13. Lodge Cast Iron Grill This stovetop griddle sits over your stovetop burners and grills up poultry, meat and fish with beautiful grill marks. The cast iron gets smoking hot, making it the perfect surface for indoor grilling. NOTE: When purchasing cast iron, look for unseasoned varieties as lard and other types of nonkosher fats may have been used in the seasoning process (when I purchased this grill several years ago, it had a kosher certification).
14. Nesting Bowls This inexpensive set of nesting bowls really helps to keep prep clean and organized. One of the principles of professional cooking is “mise en place”, which means to have all of the components of your dish prepped and organized before preparing it. Prepping large meals with various courses can be made more efficient by cooking with that philosophy in mind.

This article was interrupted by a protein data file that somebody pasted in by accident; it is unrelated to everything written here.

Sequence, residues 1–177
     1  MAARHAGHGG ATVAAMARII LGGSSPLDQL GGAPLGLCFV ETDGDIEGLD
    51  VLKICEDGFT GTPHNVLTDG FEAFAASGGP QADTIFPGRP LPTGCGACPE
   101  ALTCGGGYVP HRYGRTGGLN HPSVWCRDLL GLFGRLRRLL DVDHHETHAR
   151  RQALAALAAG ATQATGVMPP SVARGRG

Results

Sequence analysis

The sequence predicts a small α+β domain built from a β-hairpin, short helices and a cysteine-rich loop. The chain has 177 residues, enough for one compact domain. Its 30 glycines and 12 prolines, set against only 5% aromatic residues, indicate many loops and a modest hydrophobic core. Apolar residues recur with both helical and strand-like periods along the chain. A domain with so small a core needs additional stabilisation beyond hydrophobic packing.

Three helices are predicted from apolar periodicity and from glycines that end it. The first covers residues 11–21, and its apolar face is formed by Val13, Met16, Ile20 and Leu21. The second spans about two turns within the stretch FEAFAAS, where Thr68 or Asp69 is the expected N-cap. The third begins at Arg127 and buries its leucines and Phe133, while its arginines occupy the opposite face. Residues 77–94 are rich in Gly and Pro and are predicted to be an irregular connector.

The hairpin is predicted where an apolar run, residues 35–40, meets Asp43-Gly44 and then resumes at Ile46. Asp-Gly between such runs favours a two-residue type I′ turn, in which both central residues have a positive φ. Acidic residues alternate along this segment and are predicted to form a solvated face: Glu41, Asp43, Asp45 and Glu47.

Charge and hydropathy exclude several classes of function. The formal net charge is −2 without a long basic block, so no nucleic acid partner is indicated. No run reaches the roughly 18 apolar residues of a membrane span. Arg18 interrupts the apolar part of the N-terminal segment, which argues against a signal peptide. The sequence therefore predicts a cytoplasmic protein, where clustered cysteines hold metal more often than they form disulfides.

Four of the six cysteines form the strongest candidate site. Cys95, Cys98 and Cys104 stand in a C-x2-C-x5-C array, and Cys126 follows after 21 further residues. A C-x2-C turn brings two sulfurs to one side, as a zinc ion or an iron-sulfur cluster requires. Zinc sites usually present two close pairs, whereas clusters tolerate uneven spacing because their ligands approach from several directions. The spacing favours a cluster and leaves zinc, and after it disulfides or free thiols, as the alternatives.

15. Victorinox Santoku Knife I have really small hands, so a classic 8″ chef’s knife doesn’t work for me. I want to feel comfortable with my grasp on my most-used kitchen tool, so I prefer the shape, style and size of this 7″ santoku knife. If you like a classic shape better, I also recommend the Global budget-friendly knife or the pricier Wusthof.
16. Zyliss Folding Mandolin A mandolin is an essential tool for anyone who wants to cook with finesse. It creates uniform slices in varying thicknesses, so you can create the perfect garnish, potatoes au gratin, veggie chips or fries. This version folds for easy storage. NOTE: Safety First! Make sure to use the accompanying safety guard.